What else has been happening? Well, one of the things you get with a Defender (alongside water leaks, a dreadful on road ride, clunky drivetrains, built in corrosion etc etc) is an off road experience session. We picked Eastnor as a good venue and for some strange reason, invited Anne along with us. You might remember her as the crew for a trip to Guernsey a couple of years ago who was instantly sick when supplied with red berry tea by the crew. Quite understandable really. However, since the off road ride is a lot like being out to sea, red berry tea was banned.....

The day was the best. We are still in awe of what a Defender can do in novice hands with standard tyres on and how it happily crawls up slippery hills with the engine at idle in low range 3rd gear. Torque to die for.  Backing down a slippery rough hill is amusing too. The best way is to put the truck into reverse whilst holding it on the brakes. Then, switch the engine off, release the clutch and gently release the brakes. The Defender just hangs there on a 45 degree slope, held by the engine and transmission alone. To go backwards, you just start it without touching the clutch and it walks backwards downhill quite happily.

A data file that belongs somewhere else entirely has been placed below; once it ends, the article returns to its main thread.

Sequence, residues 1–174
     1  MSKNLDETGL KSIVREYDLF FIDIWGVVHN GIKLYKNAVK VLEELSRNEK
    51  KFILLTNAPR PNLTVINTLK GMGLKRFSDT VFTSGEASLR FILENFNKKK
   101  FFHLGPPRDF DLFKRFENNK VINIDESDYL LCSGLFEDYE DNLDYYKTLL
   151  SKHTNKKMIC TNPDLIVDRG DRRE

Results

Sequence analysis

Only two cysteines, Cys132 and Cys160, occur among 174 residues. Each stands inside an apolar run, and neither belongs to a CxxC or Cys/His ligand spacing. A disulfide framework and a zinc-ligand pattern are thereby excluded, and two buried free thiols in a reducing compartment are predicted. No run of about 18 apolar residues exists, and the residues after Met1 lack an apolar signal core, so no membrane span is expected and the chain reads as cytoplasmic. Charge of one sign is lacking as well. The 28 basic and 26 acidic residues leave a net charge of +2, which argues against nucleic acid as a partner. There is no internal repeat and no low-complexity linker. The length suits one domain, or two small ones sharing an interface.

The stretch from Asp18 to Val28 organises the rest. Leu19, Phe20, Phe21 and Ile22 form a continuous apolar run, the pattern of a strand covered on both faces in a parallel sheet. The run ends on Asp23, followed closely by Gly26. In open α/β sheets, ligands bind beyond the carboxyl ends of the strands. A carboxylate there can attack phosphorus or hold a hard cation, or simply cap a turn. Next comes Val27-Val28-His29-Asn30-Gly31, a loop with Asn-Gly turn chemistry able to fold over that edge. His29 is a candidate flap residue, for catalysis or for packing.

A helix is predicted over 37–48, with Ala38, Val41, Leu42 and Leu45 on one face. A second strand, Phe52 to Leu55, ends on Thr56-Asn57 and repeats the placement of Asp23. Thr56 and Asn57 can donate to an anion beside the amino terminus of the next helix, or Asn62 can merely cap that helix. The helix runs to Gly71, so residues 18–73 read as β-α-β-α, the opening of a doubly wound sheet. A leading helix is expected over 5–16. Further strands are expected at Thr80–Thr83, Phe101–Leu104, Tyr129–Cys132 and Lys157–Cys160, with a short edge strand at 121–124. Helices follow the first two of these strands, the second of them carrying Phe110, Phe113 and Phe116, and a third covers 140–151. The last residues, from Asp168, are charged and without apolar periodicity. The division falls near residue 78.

We did get it a bit muddy of course, despite the many runs through deep water to try and wash it off:

The bent front bumper was not a battle scar that we caused by the way.

Should you want to join us on a trip and hear the soothing words of the instructor, have a look at this video:

The noises from the crew can, of course, be muted if you wish..... A great location and a great day.

After so much sedentary stuff, some walking was needed. The Malvern Hills provided the necessary challenge: